July was not my best reading month. And although I do have quite a few books to talk about, the first two or three weeks of the month were spent only with one book (although I finished a non-fiction book on the first three days of the month), and then did most of the reading in the last week.

Also, I only read one fiction book last month (and started many others), but I loved it so that’s what matters more for me these days. I guess we all have months like this, so without further ado let’s jump into the books!

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Absolute favourite of the month is the only fiction book finished last month: Spinning Silk by T. Cook. I know what you are going to say, “but Andreea, this is not the first time you mention this book” and that is correct, but that’s only because it was awesome! I reviewed it here(5/5 stars)

Another great book read in the beginning of this month is Women Design by Libby Sellers which talks about female artists and designers. I felt quite bad for only knowing two or three names in the book. This shows once again why books like this one are important. Plus it’s really well made compared to other “books about women” (I talked about this trend before), this one presents you short biographies of the artists but in a compelling way and it doesn’t feel forced, it is genuinely trying to bring more attention to these great designers. (4/5 stars)

I also read Stories for Boys Who Dare to Be Different by Ben Brooks, which could be part of the trend above, only about boys – and do not jump with judgement like there are enough stories about boys. I think this book is quite important for showcasing real humans that became successful not by being manly or athletic. I think that in concept it does a great job erasing toxic notions on masculinity, but it’s also nothing more than a short biography and an illustration. (3/5 stars)

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Last month I also got two read three books from the Know-It-All series, which presents 50 important ideas or concepts from a certain subject – the physics book I read a few years ago that finally helped me understand quantum mechanics was based on a similar format. I think this is a great way to get people interested in a subject and they have the option to pursue it further. I gave all three of them 3/5 stars.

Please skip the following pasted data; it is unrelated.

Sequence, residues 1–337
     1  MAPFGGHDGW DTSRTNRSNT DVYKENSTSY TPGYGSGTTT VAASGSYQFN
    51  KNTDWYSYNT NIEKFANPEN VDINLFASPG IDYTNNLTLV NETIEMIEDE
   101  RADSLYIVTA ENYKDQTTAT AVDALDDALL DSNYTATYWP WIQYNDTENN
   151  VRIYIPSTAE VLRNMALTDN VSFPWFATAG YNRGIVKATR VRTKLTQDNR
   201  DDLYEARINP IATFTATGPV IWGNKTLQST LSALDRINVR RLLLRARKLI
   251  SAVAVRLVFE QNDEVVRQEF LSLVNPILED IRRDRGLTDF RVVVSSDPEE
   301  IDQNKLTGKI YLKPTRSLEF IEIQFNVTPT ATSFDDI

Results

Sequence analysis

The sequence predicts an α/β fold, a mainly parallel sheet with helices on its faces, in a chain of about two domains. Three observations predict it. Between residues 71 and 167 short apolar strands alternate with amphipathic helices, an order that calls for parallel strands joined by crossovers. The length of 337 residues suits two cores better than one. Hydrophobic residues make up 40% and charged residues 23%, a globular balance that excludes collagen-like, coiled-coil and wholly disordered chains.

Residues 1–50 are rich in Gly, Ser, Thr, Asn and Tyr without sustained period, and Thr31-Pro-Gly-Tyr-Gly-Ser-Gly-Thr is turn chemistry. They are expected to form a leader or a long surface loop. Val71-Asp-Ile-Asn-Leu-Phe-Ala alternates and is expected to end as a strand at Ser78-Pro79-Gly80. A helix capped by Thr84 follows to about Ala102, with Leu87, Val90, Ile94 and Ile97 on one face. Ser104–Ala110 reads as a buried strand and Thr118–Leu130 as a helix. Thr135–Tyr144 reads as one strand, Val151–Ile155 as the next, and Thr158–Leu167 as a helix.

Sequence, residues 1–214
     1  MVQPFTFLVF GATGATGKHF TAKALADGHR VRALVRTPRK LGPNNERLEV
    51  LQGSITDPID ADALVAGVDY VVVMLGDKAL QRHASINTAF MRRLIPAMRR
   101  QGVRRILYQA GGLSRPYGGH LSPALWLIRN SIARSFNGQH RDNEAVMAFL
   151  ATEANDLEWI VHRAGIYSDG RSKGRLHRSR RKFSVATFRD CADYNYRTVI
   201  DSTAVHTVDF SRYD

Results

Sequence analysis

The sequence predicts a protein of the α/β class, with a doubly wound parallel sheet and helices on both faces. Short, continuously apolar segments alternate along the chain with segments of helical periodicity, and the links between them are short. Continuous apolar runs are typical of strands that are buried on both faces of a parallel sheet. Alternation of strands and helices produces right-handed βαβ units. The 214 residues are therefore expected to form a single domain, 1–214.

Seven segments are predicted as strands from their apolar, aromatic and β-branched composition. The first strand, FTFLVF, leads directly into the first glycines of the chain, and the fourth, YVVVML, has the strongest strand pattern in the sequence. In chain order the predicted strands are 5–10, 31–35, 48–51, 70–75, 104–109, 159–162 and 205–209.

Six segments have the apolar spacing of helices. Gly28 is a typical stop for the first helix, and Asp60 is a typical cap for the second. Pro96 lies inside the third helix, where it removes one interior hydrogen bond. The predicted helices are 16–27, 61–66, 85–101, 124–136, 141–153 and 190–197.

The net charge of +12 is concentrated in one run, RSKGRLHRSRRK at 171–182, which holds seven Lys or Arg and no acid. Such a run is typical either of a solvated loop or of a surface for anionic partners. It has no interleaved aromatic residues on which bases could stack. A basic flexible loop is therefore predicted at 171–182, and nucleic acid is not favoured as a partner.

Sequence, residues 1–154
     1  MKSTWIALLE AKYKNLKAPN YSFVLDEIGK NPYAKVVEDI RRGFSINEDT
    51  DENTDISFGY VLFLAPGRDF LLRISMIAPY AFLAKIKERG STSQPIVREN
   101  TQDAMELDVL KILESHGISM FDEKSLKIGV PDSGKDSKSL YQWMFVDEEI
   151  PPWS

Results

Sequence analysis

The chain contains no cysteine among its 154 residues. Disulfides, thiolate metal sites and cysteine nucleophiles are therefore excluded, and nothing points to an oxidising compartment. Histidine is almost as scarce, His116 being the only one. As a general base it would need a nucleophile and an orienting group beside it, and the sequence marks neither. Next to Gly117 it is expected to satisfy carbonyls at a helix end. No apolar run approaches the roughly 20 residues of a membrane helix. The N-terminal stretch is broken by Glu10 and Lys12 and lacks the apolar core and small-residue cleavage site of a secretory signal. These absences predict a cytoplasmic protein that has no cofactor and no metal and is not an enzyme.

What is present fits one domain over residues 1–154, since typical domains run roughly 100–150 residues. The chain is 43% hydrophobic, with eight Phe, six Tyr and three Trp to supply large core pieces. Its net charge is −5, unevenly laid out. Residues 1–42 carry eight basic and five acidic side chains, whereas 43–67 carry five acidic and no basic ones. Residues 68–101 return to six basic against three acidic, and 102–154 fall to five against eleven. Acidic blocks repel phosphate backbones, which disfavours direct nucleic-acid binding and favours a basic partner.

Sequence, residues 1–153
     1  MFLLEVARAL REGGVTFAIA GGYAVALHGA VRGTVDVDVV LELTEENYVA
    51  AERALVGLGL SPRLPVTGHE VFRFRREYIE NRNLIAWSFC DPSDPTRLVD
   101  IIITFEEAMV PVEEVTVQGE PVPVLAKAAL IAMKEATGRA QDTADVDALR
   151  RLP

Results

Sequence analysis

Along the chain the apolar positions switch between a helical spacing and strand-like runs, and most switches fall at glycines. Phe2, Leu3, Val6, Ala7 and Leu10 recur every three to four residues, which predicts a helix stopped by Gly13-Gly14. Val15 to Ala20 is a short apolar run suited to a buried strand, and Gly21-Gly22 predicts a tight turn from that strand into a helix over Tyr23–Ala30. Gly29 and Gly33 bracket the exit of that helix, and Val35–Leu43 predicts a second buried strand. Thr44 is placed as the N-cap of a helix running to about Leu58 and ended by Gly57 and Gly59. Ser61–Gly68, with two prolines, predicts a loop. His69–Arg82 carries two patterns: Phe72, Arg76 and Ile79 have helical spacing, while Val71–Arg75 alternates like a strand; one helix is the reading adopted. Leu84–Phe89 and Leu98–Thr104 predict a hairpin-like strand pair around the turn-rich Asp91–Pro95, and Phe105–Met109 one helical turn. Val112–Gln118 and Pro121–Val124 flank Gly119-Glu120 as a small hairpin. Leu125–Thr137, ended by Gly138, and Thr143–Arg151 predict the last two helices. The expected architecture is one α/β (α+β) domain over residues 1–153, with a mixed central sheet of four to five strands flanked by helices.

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I also read a lot of art books – whenever I am really busy and do not have to read fiction or hard non-fiction, I turn to art books because I love reviewing them but they are also easy to read.

My two favourite from the bunch are Modern Drawing by Chelsea Ward (4/5 stars) because awesome tips and it simply just made me want to go out and draw, and Beginning Color Mixing by Kimberly Adams (4/5 stars) which goes really into detail when it comes to color in art and color mixing, two things I avoid in my own art. This book is great to get you started, it presents you the rules, how to mix colors, offers tips and tricks, but more importantly it tells you that rules are meant to be broken!

The Art of Map Illustration (3/5 stars) was fine… It is really interesting when you think of the idea of personal maps and presenting things from your perspective, not real cartography, but it’s four artists showing their different styles, yet really repeating themselves because it is a book about map illustration. This book could be turned into a great article on a blog or art magazine, it does not have to be a book. And my biggest disappointment was Pocket Art: Portrait Drawing by Joanna Henly (2/5 stars)because the illustrations inside it are absolutely gorgeous, but what it offers the reader in terms of technique and tips could also be presented in a blog form.

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July was a weird busy month in general and you can see that from my reading. Hopefully August will be better, although I am not going anywhere this month but I am really dreaming of a beach vacation!

How was your July? What did you read? 

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